Understanding Bail Bonds: A Beginner’s Guide
Finding out that someone you care about has been arrested can be scary and confusing. You’ll definitely have a lot of questions that need answers. At the same time, you need to spring into action and help your loved one get out of jail. Fortunately, your family member or friend doesn’t have to languish behind bars until the court determines their case. You can use a bail bond and set them free even before the trial begins. Let’s learn a few things about bail bonds.
Bail Bond Is an Agreement Between the Defendant and Surety
A bail bond is an amount posted on the defendant’s behalf by the surety to secure their release. The surety agrees to pay the amount fixed by the court as long as the accused promises to voluntarily appear in court on the scheduled trial date.
123 Bail Bonding notes that sometimes, the bail amount is higher than you can immediately raise to secure the release of your loved one. In such situations, the best option is to ask for help from a bail bondsman. This is an agency that provides a guarantee and promises to pay the full amount with an understanding that the defendant will show up in court.
Bail Bonds Come With Conditions
Sometimes, the court can release you without requiring bail money. This is after promising in writing that you’ll always show up for the hearings. Other times, the defendant may completely be denied bail if facing trial for a severe crime such as robbery, or is at high risk of flight or is thought to be a danger to the community.
If the court grants bail permission, it gives various conditions depending on the crime. It can set travel restrictions, demand that the defendant stay in a specific address, or warn them against contacting witnesses, victims, or any co-accused.
Violating Bond Conditions Creates More Trouble
Breaching bail conditions will land you in more trouble. When applying for bail, it’s best you thoroughly read the conditions to ensure you don’t violate any law or regulation. If the police believe you didn’t follow the requirements, such as moving to a new location, they may issue a warrant of arrest for you.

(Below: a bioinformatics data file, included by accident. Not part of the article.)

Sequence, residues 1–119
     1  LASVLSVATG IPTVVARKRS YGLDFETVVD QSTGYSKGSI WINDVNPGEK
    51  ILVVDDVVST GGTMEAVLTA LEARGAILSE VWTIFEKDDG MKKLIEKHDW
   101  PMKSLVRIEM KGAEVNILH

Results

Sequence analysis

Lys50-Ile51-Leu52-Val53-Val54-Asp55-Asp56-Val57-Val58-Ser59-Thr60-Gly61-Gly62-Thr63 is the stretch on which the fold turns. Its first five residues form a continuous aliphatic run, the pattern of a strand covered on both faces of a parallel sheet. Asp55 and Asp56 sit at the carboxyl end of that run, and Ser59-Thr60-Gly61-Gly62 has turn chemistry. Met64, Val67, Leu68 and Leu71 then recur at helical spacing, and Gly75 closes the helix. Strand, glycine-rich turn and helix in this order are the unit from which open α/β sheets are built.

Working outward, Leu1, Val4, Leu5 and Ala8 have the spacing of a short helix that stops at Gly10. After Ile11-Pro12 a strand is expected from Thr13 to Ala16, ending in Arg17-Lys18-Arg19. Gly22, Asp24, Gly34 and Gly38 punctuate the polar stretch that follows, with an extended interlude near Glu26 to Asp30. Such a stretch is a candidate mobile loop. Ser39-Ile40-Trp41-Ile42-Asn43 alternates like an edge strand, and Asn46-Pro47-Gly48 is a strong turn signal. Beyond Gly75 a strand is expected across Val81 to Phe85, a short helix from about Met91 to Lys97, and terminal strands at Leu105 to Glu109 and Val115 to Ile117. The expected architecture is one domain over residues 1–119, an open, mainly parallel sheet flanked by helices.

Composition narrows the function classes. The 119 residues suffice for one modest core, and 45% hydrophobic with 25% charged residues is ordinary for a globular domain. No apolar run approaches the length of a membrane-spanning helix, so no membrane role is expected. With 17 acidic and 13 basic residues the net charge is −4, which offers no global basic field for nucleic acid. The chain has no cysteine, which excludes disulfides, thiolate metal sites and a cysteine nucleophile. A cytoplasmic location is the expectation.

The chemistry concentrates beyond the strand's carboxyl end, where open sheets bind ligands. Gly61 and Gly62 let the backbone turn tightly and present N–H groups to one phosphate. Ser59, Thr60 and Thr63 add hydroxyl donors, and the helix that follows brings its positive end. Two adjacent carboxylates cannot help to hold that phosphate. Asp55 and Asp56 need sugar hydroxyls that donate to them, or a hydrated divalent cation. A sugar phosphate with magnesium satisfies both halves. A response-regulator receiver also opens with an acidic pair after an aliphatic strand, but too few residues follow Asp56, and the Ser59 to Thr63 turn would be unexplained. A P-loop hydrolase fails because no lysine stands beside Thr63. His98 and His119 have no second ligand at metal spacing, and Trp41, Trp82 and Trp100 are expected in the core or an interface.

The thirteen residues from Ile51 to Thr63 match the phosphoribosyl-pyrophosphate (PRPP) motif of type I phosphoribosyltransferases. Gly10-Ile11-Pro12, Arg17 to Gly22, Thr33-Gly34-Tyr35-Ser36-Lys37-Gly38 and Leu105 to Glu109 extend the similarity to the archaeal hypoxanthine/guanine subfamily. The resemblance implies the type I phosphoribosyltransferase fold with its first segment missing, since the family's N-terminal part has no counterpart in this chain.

To get out of jail after breaking bail conditions, you’ll have to get a new bail hearing which is likely to be denied. The court is generally tougher on people who failed to come to court on their hearing date. Not only will you forfeit the bail money, but it could also negatively impact the final verdict. You could be hit with a bigger fine or have months or years added to your sentence.
There are Many Good Reasons to Post Someone’s Bail
When someone you care about is arrested, posting bail on their behalf can benefit both of you. First, once released, the defendant can find a lawyer to help them prepare a strong case, thus improving the chances of getting a positive outcome. Second, your loved one will be able to continue working, allowing them to continue meeting their family obligations. If your teenage child is under arrest, posting bail will enable them to continue with their studies.
Bail Amounts Can Be Reduced
The U.S constitution prohibits excessive bail and gives the defendant the right to request the court to lower the amount. If you feel the set amount is too high, you can request a bail reduction hearing. You’ll need a good lawyer to convince the court that the bail is excessive. That all depends on the seriousness of your charges, your previous criminal record, and how likely you are to appear in court if the amount is reduced.
A Bail Bond Is Your Best Bet for a Quick Release
If you find out that a loved one is in jail, bail bonds can help you have peace of mind once they have been released. It will also allow the defendant to prepare for the case adequately, increasing the chances of winning the trial.